For Immediate Release:
Tuesday, May 21, 1996
"This service will give Americans quick, easy access to key current economic and social statistics," Office of Management and Budget (OMB) Director Alice M. Rivlin said at a morning news briefing, where she was joined by Sally Katzen, Administrator of OMB's Office of Information and Regulatory Affairs, and the heads of various statistical agencies. "It is a prime example of Federal agencies working together to improve service for their customers."
The briefing rooms, at http://www.whitehouse.gov, include two rooms -- the Economic Statistics Briefing Room and the Social Statistics Briefing Room. They present current releases of selected economic and social indicators organized not by agency, but themes -- e.g., Output, Income, Employment, Production, Money, Prices, Transportation, International Statistics, Demographics, Education, Health, and Crime.
Each theme includes key data series on a single World Wide Web (WWW) page that, in turn, provides hyperlinks to WWW pages at the source agencies' Web sites. Included in each theme are the most current release, graphic displays of the series over time, brief phrases highlighting the trends or noteworthy aspects of the current release, and the name of the agency that produced the statistic.
"Now we have, for the first time, the beginnings of `one-stop shopping' for Federal statistics," Katzen said. "We also have established links to the agencies that generate the statistics so that those who wish can explore in depth at the source."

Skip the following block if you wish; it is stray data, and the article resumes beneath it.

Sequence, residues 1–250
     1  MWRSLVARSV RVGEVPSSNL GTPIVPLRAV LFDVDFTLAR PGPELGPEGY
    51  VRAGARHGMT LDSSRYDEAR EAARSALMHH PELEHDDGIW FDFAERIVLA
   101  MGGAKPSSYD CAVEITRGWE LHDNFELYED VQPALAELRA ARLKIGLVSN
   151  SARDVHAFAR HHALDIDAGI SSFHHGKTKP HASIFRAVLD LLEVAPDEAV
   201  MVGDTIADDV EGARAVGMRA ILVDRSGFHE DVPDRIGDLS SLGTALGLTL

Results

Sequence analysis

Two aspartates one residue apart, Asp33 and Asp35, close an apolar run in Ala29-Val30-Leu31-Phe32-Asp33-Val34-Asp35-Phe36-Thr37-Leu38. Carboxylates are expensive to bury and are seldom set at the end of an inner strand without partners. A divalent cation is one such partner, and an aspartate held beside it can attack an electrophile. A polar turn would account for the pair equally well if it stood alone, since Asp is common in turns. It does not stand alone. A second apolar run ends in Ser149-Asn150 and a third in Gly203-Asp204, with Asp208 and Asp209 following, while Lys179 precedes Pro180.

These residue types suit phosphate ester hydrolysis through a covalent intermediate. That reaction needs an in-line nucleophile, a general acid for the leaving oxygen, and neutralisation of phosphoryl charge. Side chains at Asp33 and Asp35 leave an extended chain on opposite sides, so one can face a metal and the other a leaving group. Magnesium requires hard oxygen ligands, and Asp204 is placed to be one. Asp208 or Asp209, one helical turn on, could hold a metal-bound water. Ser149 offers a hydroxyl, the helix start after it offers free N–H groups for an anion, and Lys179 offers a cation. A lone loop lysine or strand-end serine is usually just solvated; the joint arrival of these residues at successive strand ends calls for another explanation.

In the past, the decentralized structure of the Federal Government's statistical system sometimes made it hard for Americans -- even frequent data users, such as economic forecasters or social science researchers -- to locate and access the information of particular interest to them.
In the last three years, however, many statistical agencies have made great progress in developing easy access to their own data and databases through the Internet, and in particular, the World Wide Web. Data users accessing information from one Federal agency may even find out about related statistics available from another agency, thanks to cross-agency links that some agencies are providing.
Now, the Economic Statistics and Social Statistics Briefing Rooms
will further ease and speed access to the
Nation's information resources. They were developed by OMB's
Interagency Council on Statistical Policy, with
technical coordination and development from the Office of Science
and Technology Policy and the Office of
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